Posts Tagged ‘nuclear weapons’

Bin Laden, Quinctilius Varus, and Deathstroke

Tuesday, June 9th, 2009

A number of years ago, I was watching a documentary on the History Channel about the Roman Empire, and the reign of Caesar Augustus in particular.  The segment that caught my eye related to one of the great military disasters ever suffered by the Empire — -the complete annihilation of three legions under the command of Publius Quinctilius Varus at the Battle of Kalkriese Hill in the Teutoburg Forest of Germany.  The defeat not only marked the end of Roman domination of the Rhine, but it was one of the only times that an army of “barbarians” was able to deal a fatal blow to the mightiest empire ever to rule the world.  But what caught my eye and held my attention was not the savagery of the battle nor its implications for Roman rule across the Rhine.  It was the date of the disaster — -September 11.

 

I thought immediately upon hearing that date of the coincidence that it bore to our own September 11, a modern disaster of equal magnitude.  And I wondered whether Osama Bin Laden, sitting in his tent in Afghanistan, had chosen that specific date to send a message to the world that his army, like that of Arminius (the German prince who defeated Varus), was also capable of stopping an Empire.   Was Bin Laden that subtle?  Is he well-versed in his history?  More critically, if indeed he intended to attach his attack to a notable date in order to make a point, then what other dates lurk in the calendar that we should be paying attention to?  This last thought has seen me draw in a deep breath each 3rd of July and hold it until the wee hours of the 5th when I am free to exhale in relief that another critical date, July 4, has passed.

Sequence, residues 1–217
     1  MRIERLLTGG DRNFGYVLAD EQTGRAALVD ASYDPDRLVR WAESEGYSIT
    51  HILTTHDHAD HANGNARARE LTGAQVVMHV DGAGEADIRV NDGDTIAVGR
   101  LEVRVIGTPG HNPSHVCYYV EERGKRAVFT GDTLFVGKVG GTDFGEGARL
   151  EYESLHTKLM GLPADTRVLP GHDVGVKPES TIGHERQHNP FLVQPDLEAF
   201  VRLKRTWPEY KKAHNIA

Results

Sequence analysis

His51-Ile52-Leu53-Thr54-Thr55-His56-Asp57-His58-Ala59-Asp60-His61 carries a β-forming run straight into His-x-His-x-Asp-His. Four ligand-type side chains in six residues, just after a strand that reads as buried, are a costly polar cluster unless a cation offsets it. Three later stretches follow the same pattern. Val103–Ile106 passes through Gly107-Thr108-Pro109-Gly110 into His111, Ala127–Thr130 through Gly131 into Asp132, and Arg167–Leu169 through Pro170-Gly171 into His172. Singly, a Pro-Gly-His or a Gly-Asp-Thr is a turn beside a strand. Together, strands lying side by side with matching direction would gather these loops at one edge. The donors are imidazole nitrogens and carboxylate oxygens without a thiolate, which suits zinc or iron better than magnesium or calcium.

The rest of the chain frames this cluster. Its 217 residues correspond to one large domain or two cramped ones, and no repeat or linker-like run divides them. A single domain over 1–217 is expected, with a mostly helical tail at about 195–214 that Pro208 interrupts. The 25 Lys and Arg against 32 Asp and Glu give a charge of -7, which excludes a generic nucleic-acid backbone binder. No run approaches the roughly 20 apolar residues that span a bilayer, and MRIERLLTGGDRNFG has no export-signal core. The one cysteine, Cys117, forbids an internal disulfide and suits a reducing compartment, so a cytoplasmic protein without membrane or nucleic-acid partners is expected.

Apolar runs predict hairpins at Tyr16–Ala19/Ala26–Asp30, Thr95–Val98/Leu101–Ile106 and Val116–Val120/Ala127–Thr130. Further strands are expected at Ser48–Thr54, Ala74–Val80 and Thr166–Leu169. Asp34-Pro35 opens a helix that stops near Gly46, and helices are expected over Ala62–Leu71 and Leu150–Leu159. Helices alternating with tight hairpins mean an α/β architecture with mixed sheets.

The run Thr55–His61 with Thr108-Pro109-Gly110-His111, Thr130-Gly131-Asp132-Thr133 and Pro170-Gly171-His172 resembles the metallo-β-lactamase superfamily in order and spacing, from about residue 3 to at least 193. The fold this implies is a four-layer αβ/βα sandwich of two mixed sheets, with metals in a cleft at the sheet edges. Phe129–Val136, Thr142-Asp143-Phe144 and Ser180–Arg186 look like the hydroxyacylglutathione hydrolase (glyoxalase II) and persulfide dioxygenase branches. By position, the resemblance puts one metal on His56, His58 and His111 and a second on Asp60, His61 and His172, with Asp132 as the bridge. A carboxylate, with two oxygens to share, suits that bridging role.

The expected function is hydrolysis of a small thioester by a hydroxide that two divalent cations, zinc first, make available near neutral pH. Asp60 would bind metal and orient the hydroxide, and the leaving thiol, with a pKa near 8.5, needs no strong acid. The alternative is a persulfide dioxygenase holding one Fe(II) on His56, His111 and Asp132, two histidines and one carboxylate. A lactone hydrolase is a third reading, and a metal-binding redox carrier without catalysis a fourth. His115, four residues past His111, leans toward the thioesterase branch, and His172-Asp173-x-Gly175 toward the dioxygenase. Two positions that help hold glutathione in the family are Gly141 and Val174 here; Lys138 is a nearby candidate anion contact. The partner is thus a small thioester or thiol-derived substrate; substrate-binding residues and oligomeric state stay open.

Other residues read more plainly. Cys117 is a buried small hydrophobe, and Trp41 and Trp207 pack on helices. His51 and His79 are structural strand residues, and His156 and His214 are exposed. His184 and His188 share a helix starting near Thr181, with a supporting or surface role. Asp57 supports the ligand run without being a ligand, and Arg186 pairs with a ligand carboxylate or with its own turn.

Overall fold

I have often thought that I should send the CIA a short letter calling this issue to their attention.  I have not done so out of fear that my memo would likely languish on some desk next to a letter from Phoenix or Michigan calling the department’s attention to the fact that some Arabs were taking flying lessons at local flight schools.  So instead, I have chosen to write this blog, confident that my use of Bin Laden’s name coupled with the word, “nuclear” (see below), will surely guarantee that this article will be spotted by one of our giant spying computers and bells will go off somewhere at a desk in Langley, Virginia where it will be read by someone whose specific job it is to look into these kinds of matters.

 

Again, the question I pose is that if Bin Laden chose September 11 as the date for his attack on the WTC to make an historical point, then what other dates are out there that we should perhaps be paying attention to?  I can suggest a few:

 

June 25th:  This was the date in 1876 when General George Armstrong Custer led his 7th Cavalry into a disastrous defeat in the Valley of the Little Big Horn in Montana.  Like the crushing of Varus in 9 A.D., the complete annihilation of Custer’s troops was accomplished by a down-trodden foe who no one expected to deal such a blow to such a powerful Empire.